If you’ve had credit, and it’s not in the best shape—don’t give up. You can turn it around. Your first step is to get a free credit report to see what your starting point is. Figure out who you owe money to and negotiate a payment plan. Set up automatic payments out of your bank account to make sure you stick to it. The worst case scenario is that they pass your debt onto collections, write it off, or you end up filing bankruptcy. You need to do everything in your power to avoid this. Believe in yourself and work your ass off and you’ll see the results. I was able to take my credit from a D score to a B in less than a year with this approach, and it felt wonderful. If you can’t avoid bankruptcy, start rebuilding with a secured credit card. Eventually, if you do what you’re supposed to, you’ll have an unsecured one.
You’ve heard me say it a few times now—“What gets measured gets managed.” There are lots of free services you can use to do this. I like creditkarma.com. You might even find keeping track of your credit (and what you can do to improve it) gets a little bit addictive! It’s like playing a game with big rewards. Your credit isn’t the only thing you should be tracking. Take advantage of the free planning tools that come with most investment plans to make sure you’re on track for the day you power all your equipment down and start enjoying your retirement!
There are two schools of thought on business debt. The first is to bootstrap, re-investing your cash into growing the business while staying lean. The second is to borrow, using someone else’s money to grow your business while capturing a profit. Honestly, I think both approaches are valid as long as it’s a choice, not a requirement, that you go one direction vs. the other, AND you are judicious in your actions. The downside to bootstrapping is that you have to have cash to use it—which can limit opportunities and slow growth. Additionally, if you’re not simultaneously building your credit, you may find yourself in a bind. On the flip side, if you strictly rely on credit, and max it out, and something bad happens—even if you have cash, your lender could call in your note, and your business could be gone in less than 30 days.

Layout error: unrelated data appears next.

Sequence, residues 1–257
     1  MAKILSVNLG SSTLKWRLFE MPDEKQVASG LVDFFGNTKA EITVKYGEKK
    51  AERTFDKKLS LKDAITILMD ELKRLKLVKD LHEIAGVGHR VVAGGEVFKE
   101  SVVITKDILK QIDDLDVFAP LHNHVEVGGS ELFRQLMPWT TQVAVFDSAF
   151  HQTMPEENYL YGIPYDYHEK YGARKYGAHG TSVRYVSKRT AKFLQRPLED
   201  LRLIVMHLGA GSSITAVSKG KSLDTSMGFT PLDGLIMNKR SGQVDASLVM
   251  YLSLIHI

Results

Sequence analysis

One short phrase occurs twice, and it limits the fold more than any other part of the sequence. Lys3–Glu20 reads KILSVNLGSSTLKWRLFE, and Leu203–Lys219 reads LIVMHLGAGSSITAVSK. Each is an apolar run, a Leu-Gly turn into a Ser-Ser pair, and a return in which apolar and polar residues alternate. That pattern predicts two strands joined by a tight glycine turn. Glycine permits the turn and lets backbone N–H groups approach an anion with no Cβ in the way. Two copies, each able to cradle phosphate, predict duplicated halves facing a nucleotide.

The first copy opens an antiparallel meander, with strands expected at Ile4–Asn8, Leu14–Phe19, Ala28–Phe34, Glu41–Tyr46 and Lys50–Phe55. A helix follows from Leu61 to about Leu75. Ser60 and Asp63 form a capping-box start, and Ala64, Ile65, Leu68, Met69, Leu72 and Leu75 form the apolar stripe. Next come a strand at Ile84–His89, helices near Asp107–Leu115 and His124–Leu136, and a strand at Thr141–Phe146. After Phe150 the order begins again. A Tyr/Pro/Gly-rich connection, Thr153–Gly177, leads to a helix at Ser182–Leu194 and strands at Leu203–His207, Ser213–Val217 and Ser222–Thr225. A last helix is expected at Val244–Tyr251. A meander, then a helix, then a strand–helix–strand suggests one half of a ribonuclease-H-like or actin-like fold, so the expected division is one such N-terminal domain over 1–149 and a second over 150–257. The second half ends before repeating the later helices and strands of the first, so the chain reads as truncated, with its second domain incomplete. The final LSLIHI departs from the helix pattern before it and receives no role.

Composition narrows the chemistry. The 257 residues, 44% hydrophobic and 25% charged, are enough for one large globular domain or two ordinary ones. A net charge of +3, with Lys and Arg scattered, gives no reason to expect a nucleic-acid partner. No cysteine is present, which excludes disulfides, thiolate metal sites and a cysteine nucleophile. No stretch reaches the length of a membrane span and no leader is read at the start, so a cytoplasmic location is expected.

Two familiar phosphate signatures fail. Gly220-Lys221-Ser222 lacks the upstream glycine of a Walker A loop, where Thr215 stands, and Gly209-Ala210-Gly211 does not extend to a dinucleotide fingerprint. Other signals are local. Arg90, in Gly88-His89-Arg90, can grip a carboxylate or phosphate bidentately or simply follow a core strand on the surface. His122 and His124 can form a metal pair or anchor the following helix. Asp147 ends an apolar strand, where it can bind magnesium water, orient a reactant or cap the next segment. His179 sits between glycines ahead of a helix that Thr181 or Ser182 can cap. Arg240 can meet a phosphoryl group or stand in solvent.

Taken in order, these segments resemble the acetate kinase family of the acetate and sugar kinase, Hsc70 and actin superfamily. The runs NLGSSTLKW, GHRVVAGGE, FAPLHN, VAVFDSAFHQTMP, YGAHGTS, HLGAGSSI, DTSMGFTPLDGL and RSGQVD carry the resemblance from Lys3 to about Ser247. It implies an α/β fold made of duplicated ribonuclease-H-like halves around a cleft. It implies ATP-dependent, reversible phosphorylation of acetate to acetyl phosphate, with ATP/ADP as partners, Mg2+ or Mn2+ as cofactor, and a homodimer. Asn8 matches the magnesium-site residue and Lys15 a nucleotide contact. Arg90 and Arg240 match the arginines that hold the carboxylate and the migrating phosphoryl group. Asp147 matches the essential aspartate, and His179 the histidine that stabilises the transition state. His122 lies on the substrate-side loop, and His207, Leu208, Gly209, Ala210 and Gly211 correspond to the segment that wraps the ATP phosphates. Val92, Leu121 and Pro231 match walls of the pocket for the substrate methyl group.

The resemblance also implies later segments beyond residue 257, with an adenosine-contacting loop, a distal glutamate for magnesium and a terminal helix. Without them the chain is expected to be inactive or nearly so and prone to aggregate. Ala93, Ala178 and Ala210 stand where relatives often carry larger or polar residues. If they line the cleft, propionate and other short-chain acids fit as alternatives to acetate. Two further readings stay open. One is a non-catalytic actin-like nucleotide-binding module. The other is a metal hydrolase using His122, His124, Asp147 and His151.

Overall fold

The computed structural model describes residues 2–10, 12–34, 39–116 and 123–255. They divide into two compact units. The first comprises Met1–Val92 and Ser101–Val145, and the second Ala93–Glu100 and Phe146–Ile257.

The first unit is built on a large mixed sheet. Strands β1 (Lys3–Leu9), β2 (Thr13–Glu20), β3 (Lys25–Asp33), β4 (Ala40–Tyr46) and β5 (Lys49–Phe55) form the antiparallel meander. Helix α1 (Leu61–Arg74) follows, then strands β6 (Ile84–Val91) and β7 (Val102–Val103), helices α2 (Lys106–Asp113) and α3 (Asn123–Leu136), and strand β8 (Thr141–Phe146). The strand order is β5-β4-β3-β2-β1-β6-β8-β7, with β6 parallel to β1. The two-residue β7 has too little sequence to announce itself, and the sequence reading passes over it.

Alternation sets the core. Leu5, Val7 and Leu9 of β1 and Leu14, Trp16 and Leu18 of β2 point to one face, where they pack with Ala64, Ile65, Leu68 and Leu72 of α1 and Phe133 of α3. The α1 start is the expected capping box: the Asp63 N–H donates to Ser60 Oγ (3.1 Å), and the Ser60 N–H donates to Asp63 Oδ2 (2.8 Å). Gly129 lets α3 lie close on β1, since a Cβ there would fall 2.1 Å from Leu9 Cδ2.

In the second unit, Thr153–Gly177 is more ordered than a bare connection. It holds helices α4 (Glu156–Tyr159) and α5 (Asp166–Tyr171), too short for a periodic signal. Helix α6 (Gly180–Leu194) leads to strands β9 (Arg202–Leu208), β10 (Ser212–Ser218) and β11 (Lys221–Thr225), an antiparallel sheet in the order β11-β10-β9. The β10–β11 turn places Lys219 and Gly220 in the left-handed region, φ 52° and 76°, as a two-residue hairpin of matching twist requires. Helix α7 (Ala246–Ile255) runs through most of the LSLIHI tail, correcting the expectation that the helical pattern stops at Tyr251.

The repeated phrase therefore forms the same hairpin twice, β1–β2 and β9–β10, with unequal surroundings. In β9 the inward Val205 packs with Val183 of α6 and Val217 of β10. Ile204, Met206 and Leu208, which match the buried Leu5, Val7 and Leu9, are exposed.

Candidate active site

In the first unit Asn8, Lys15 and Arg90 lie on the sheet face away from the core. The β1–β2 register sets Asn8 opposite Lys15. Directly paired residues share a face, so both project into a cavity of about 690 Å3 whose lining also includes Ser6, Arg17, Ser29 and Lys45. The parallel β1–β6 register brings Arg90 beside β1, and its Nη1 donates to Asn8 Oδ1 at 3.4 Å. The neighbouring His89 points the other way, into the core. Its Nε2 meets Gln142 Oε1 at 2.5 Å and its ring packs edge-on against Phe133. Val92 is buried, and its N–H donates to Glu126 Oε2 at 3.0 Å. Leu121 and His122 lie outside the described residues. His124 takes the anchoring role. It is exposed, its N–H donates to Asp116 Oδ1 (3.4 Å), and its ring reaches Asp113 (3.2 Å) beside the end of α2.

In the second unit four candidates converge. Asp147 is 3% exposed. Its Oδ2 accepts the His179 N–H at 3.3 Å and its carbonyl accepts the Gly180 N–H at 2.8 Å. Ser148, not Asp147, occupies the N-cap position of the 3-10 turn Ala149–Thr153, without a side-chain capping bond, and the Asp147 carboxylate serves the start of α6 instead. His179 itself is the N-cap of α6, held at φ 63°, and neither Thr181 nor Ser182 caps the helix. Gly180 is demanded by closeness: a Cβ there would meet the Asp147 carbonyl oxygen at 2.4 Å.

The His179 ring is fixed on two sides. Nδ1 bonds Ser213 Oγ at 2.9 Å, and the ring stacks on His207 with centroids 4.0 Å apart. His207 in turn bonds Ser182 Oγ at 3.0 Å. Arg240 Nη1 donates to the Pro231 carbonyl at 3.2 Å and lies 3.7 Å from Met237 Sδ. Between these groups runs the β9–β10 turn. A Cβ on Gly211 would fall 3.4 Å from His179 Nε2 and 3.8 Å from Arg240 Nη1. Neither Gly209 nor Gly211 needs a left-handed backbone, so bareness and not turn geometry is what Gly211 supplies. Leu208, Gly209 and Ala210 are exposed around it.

Personally, I think the best approach is a mixture of both. Use cash when you can. But keep credit available and use it wisely to increase your profits.
You purchase a machine that saves $5K in overhead and produces $50K per month in finished goods. Financing it at $2.5K per month makes perfect sense.
You have a credit line worth $100K. You receive an order for $50K of shirts that requires you to pre-order inventory. You’re able to accept the order and recoup the interest in your final bill.
You have a credit card (we use the American Express Plum) that allows you to choose between paying your balance in 30 days with 1.5% cash back, or 60 days with no cash return. You pay your vendors at the agreed upon term with your Amex, taking advantage of the extra time to pay the balance in cash, and/or the cash back offer. Over the course of a year, $100K of monthly purchases becomes $18K of cash!
I know a lot of companies who have waiting months to execute an equipment upgrade because they were waiting on the SBA or a traditional bank to approve their loan, just to start all over because the lender didn’t understand their business or the piece of equipment they were trying to buy. Those waiting periods can result in thousands of dollars of opportunity costs and missed overhead savings. Put a realistic time frame on how long you’ll wait for financing approval, and be willing to choose a higher interest rate option if it speeds your path to increased revenue or profit.
You should never be afraid to ask for help, or in a position where you have no one to ask. Source a good banker, lender, and financial advisor that you can reach out to when needed, and stay open to other options or proposals.
When you do decide to take the plunge and invest in equipment, you should know what your options are. Here’s a few pros and cons for you to consider during your planning process.
Did you know that investing in equipment can help you massively reduce your tax liability? That’s right. Section 179 of the tax code allows you to fully-deduct the expense of any equipment that you pay for upfront—either with a finance agreement or capital lease. All of Ryonet’s financing options qualify for this deduction, including our rental program.
Like what you read? Get more great business tips on running a screen printing business from my book, “Made to Make It: A Guide To Screen Printing Success.”